Ida Karpik was born on the land at a camp called Bon Accord in 1938. When she died in Pangnirtung in 2002 she had earned the respect of her own hamlet for her community work and her art. But she was also acknowledged internationally for her unique prints and drawings. Karpik left her mark on both the hamlet and arts community. She began to draw seriously in 1974 and worked for 28 years producing hundreds of original drawings on paper, showing different aspects of traditional Inuit life, birds and animals. Many of her drawings are still held in the archives at the Uqqurmiut Centre for Arts and Crafts in Pangnirtung.
In the early 1960s Ida Karpik and her husband, hunter, carpenter and community worker Joannasie Karpik moved from their camp Iglugaarjuk to the hamlet of Pangnirtung. Like their contemporaries in the Cumberland Sound region they wanted to be near their children who were attending school in Pangnirtung. During this period Inuit were actively engaged in community building in Pangnirtung. Joannasie Karpik served on numerous Boards including the Inuit Co-op, (where he was chairperson for six years) the Local Education Committee, Hamlet Council, Hunters and Trappers Organization, and the Anglican Vestry.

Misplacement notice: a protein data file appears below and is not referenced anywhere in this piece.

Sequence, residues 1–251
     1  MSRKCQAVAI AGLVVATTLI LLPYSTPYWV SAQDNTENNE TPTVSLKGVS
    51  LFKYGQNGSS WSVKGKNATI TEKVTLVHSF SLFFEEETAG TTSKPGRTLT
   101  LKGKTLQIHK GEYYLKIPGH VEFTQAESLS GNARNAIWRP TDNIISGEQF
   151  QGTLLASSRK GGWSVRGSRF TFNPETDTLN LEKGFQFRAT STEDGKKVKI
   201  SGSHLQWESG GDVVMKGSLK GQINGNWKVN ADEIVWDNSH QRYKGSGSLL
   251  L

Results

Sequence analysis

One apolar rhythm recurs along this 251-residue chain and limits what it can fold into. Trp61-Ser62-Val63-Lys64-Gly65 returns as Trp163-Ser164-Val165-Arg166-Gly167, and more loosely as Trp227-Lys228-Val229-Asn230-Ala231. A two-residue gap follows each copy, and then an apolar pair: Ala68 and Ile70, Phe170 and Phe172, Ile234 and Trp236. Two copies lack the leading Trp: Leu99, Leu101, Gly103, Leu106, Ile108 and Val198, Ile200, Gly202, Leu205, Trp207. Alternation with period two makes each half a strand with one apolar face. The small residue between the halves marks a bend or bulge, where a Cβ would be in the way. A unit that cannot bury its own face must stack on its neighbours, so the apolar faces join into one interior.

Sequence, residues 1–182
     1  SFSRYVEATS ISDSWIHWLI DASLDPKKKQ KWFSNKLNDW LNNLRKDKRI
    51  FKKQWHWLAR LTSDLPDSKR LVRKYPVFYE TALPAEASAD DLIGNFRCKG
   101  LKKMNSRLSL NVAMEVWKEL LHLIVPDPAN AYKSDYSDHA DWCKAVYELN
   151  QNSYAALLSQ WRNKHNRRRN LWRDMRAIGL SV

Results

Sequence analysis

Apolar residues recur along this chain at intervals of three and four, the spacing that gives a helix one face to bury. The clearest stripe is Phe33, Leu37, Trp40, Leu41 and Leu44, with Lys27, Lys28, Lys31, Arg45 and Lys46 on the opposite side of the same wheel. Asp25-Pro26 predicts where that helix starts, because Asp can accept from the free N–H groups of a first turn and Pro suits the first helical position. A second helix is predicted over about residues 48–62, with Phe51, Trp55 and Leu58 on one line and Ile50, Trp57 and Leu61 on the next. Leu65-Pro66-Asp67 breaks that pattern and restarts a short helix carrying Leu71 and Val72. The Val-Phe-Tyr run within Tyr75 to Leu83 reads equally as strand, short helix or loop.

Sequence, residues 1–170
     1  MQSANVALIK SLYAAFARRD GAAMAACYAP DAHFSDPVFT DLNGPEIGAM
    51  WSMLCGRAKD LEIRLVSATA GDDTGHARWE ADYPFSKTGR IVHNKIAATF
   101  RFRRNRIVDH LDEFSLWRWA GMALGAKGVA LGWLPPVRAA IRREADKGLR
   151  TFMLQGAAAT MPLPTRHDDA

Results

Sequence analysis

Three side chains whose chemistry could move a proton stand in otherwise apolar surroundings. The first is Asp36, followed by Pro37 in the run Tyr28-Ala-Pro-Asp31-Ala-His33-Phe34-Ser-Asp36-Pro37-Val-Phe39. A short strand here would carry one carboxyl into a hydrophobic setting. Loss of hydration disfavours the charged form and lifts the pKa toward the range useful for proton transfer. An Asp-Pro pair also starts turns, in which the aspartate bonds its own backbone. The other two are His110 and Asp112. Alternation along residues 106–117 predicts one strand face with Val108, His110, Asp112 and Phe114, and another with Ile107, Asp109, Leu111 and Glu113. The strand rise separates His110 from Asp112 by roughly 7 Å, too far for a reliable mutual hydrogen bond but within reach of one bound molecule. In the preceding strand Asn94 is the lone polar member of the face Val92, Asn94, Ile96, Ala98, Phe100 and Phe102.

Her sister, Geela Sowdluapik is also a respected artist in Pangnirtung.